Are Roadways Even in the Constitution?
Bennett begins by exploring the most contentious, and consequential, transportation issues of the early nineteenth century. Politicians mention infrastructure so often now, its hard to imagine a time when it didnt even exist. Bennett paints a vivid picture of that timeand demonstrates that, but for a few influential persons, government provision of roads would never have come to pass. Thomas Jefferson, states rights champion, paradoxically supported a major expansion of governments role in facilitating the movement of goods and people. So did President John Quincy Adams, who advocated for the construction of large public works with the assistance of the federal government. Andrew Jackson strongly disagreed, but his side lost the public debate. And so was set the stage for the most sophisticated, massive, interconnected highway system ever in history. But controversy accompanied this growth, and, although the dollar signs and specifics have changed with the times, the echoes of those debates can be heard today on the floors of Congress.
Americas Good Roads Movement Begins
Once Americas leaders had decided roads, though of questionable constitutionality, were vital to the economy, hurdles nevertheless remainedlike who should pay for them and who should build them. Chapter two reviews the Good Roads movement, which starts as the project of bicycle enthusiasts around the upper-crust League of American Wheelmen but quickly enough expandsjust as government programs, as Bennett cogently reminds us, always expandto include a coalition of progressives, engineers, and business leaders whose primary obstacle was the persuading of truculent farmers to cede local control of road maintenance and to more remote centers of power, up to and including the new state departments of transportation. This chapter also surveys early efforts by the states and the federal government to extract taxes and fees from automobilists, as well as the formative experiences of such later architects of U.S. highway policy as Dwight D. Eisenhower and Thomas H. MacDonald of the Bureau of Public Roads. A central theme throughout? Centralization. Lots of it.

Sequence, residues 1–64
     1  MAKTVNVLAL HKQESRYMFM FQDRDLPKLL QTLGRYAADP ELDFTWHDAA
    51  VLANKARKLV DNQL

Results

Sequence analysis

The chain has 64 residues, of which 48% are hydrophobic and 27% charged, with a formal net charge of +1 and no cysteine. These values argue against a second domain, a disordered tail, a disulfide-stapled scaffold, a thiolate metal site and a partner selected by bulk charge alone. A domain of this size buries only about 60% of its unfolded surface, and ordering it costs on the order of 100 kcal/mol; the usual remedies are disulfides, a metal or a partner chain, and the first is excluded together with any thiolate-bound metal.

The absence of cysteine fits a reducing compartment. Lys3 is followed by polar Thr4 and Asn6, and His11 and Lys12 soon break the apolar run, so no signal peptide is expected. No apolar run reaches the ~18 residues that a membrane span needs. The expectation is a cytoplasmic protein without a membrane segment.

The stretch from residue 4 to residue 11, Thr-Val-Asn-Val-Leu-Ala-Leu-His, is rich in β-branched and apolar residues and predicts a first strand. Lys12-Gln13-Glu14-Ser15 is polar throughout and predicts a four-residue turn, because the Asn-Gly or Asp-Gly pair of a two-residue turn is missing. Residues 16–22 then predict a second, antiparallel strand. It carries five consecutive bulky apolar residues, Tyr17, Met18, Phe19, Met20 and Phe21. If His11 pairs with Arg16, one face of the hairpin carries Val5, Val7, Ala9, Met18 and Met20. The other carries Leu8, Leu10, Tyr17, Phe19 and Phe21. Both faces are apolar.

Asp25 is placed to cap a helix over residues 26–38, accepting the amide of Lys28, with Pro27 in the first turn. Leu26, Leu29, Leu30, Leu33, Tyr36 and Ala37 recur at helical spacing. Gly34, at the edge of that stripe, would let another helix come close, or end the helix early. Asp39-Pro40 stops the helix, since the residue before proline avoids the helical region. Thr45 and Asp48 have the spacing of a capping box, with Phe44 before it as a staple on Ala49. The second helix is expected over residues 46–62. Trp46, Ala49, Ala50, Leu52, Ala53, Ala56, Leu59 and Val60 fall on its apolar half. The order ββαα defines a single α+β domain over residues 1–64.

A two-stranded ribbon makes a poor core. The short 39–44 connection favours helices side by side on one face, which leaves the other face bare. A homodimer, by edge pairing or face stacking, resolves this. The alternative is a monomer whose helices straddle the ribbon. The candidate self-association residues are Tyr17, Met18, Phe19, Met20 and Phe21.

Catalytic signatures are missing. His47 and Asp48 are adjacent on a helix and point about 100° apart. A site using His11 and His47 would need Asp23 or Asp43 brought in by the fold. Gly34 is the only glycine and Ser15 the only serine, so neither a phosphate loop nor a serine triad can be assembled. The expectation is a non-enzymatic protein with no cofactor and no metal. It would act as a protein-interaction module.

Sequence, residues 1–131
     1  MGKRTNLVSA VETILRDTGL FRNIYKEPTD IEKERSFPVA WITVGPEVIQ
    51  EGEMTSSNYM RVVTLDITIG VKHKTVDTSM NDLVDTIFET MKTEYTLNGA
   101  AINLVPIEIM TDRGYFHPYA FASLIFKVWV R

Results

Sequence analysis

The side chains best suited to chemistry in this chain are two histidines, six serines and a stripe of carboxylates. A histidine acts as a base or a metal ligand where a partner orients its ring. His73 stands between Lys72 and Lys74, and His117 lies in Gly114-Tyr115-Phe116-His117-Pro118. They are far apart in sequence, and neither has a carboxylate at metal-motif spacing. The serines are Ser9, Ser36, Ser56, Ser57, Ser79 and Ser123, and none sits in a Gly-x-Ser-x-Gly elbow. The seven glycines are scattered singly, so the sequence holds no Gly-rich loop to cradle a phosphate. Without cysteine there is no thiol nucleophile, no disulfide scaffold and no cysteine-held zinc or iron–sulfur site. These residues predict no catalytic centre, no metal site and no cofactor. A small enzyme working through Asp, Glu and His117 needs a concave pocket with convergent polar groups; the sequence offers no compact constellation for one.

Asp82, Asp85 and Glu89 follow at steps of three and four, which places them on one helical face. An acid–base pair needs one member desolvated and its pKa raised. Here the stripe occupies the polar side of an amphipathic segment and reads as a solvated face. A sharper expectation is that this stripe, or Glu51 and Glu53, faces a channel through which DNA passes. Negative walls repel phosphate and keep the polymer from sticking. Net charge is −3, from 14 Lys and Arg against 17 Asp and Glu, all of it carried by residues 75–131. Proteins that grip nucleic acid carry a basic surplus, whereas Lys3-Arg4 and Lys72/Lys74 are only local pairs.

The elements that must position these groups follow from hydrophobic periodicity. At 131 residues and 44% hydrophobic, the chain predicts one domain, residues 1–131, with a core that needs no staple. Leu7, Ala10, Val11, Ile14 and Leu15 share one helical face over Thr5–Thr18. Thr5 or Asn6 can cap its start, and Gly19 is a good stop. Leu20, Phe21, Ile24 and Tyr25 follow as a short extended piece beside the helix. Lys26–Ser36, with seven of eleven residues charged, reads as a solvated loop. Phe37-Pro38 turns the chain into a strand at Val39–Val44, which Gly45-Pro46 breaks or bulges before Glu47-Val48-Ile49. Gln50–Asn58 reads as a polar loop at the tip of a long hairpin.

Highways, Byways, Freeways, and Roadways
In chapter three, Bennett outlines the genesis, development, and eventual enactment of the National System of Interstate and Defense Highways, something he calls the grandest public works project in the history of the nation, if not the world. In April 1941, President Roosevelt appointed a seven-man Interregional Highway Committee to plan a postwar national road network. The committee recommended the creation of a national web of interregional highways that would total thirty-nine thousand miles. Though the Second World War halted most highway construction, slowly but surely incredible thoroughfares were built: the 160-mile